Big Bertha, also known as the German Dicke Bertha, was a 420-mm (16.5-inch) howitzer model. It was employed by the German army to attack Belgian and French garrisons during World War 1.
It was a 42 cm kurze Marinekanone 14 L/12 (short naval cannon). The weapon was also known as the Minenwerfer-Gerät (M-Gerät). It was a German siege howitzer.
Krupp AG developed it in Essen, Germany. The Imperial German Army operated the weapon from 1914 to 1918.
German soldiers dubbed the gun “Big Bertha” after one of its bullets obliterated Fort Loncin. The troops used it during the artillery bombardment of Liège, Belgium.
A total of 12 Big Berthas were deployed. In fact, the M-Gerät was one of the heaviest artillery pieces ever handled. It has a 42-centimeter (17-inch) gauge barrel.
It was first conceived in 1911 and went into production the following year.
According to some sources, the nickname “Big Bertha” was given to the cannons in honor of the Krupp firm’s owner, Bertha Krupp von Bohlen und Holbach.
Test fire for the weapon started in early 1914. Subsequently, the gun was expected to be completed by October.
However, when World War 1 broke out, the two available M-Gerät guns were still in the prototype stages. Nevertheless, troops transferred them to Liège.
As aforementioned, the troops used them to demolish Forts Pontisse and Loncin.
The fancy name for the weapon- “Big Bertha,” swept through the German press. Moreover, the Allies also adopted the moniker as a nickname for all German transuranic artillery.
Likewise, the Paris Gun has also historically been mistaken with the M-Gerät. Germans deployed Paris Gun; after all Big Berthas were retired in 1918.
Similarly, German engineers consequently produced a smaller-caliber cannon due to casualties from defective ammunition.
The German army also faced casualties from Allied rebuttal artillery, the Beta-M-Gerät. German troops operated the smaller-caliber cannon from 1916 until the end of the war to combat this.
Although smaller in caliber, it possessed a lengthier and bigger barrel. Engineers fitted the barrel to the chassis of the M-Gerät. However, it was less accurate than the base gun.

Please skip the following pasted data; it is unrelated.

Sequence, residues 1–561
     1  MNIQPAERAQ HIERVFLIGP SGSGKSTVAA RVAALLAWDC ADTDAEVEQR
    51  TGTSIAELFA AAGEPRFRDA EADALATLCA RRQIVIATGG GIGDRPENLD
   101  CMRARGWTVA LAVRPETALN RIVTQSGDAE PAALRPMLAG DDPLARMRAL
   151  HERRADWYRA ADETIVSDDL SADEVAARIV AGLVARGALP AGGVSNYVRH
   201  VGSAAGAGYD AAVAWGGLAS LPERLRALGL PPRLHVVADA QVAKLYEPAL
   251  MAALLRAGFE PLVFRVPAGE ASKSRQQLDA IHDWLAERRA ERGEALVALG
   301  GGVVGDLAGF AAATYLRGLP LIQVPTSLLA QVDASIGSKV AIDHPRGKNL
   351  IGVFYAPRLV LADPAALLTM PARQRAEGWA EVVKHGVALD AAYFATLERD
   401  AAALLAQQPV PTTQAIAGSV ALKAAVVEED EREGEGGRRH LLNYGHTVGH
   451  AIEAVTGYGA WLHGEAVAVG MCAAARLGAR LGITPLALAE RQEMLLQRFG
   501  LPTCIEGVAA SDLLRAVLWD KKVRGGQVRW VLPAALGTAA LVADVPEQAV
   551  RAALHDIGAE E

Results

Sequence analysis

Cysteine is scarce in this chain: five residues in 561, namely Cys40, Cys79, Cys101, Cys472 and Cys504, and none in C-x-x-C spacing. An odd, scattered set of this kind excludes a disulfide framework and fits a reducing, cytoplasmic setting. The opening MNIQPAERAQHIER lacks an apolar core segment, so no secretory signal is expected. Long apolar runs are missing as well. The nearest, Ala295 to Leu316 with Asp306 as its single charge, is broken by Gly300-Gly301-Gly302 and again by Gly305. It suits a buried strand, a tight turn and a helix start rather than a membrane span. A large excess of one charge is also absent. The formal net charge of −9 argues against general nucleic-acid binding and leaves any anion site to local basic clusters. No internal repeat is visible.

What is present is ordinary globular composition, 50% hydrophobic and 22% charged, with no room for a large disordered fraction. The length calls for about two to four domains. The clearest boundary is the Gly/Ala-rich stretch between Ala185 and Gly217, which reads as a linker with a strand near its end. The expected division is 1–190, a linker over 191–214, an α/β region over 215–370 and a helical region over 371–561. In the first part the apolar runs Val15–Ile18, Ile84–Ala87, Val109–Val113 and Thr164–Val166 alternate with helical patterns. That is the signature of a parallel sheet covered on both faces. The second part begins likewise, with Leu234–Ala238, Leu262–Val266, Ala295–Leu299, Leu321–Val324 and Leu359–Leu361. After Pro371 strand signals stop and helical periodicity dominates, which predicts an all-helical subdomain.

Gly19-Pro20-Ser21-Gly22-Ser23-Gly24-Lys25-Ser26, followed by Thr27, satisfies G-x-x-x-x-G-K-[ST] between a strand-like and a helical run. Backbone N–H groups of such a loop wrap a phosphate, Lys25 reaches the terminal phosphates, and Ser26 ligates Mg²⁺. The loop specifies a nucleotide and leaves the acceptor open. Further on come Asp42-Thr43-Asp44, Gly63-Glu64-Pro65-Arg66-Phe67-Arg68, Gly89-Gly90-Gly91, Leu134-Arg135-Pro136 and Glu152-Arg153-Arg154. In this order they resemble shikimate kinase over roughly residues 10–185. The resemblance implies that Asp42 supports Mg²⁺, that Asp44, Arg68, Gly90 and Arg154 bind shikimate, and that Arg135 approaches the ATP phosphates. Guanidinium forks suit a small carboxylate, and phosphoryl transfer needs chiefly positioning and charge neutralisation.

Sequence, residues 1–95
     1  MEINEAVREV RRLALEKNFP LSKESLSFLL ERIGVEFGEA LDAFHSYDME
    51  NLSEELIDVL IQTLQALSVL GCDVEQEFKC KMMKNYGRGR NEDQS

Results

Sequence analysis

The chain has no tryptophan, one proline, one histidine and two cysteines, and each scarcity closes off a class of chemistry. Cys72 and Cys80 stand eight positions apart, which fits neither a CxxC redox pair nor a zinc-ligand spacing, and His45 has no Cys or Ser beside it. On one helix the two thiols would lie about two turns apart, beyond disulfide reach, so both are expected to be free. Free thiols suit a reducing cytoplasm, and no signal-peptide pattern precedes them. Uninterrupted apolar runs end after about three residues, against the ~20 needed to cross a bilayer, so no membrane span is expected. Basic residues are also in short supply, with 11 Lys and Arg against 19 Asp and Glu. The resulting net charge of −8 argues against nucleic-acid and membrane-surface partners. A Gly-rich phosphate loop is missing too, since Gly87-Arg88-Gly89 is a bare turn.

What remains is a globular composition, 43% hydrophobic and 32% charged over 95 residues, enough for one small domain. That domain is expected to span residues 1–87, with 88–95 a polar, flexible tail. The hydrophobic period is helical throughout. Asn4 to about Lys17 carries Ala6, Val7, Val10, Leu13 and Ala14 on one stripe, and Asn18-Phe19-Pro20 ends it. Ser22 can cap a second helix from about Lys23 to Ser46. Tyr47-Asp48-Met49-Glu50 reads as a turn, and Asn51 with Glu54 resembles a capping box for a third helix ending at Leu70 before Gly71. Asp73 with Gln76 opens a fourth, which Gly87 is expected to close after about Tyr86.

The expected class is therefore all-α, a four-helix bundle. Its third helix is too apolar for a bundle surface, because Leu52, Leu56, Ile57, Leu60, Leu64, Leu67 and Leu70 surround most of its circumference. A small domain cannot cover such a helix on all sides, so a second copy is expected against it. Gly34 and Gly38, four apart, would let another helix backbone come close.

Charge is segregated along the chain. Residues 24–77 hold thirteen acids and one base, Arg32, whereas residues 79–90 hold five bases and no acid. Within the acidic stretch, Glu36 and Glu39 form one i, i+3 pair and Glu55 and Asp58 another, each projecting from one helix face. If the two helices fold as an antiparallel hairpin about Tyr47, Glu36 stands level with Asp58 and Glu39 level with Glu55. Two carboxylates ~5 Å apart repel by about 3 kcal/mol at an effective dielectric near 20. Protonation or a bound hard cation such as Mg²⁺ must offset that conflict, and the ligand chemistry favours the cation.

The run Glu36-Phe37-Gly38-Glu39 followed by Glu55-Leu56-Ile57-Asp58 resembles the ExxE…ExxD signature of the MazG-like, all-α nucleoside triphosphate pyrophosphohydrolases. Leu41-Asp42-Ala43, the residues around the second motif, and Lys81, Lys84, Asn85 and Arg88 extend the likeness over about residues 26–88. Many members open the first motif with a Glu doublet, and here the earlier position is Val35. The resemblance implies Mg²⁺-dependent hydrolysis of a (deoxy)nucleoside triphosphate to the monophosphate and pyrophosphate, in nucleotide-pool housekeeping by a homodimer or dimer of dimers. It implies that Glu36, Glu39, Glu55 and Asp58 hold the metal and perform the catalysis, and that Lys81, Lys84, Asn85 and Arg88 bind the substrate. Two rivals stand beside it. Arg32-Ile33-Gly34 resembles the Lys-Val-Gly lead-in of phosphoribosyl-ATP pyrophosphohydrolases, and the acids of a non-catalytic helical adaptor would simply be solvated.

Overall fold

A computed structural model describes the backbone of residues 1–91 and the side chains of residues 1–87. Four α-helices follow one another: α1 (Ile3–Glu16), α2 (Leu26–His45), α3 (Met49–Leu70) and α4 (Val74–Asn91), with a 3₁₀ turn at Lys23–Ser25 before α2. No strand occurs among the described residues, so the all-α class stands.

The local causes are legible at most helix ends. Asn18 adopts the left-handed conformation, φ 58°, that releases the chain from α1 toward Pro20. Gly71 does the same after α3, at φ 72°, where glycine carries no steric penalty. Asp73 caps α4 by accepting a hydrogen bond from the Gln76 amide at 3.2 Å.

What happened to the Big Bertha gun?
The Germans surrendered two 42 cm M-Gerät guns, a.k.a. Big Berthas, to the US Army at Spincourt in November 1918.
What is the biggest gun in history?
The biggest gun in history was not Big Bertha, but the Gustav gun. The Germans created it, and it had an 80cm barrel. The Germans first used this gun in World War 1.
Is Big Bertha still used today?
None of the Big Bertha cannons exit today. The last time the Germans used these guns was against fortresses in 1914 and 1915. Germans built twelve Big Bertha guns in the war, but Germans lost six due to barrel failure.
The Design and Development of Big Bertha
Beginning in the 1850s, the rapid progress of cannon technology sparked an arms race amongst artillery and military construction.
Rifled artillery could now shoot beyond the range of fortress cannons. In response, military planners began constructing garrisons in rings encircling cities.
They also constructed garrisons as barriers to prevent oncoming armies.
These forts were susceptible to artillery projectiles that could puncture the earth and demolish subsurface masonry.
As a result, star forts morphed into polygonal forts. The morphed strongholds were largely subterranean and composed of concrete.
The weapons were also positioned in armored, spinning casemates. France had established a massive fortified region on its border with Germany. It did so by combining rings and barriers.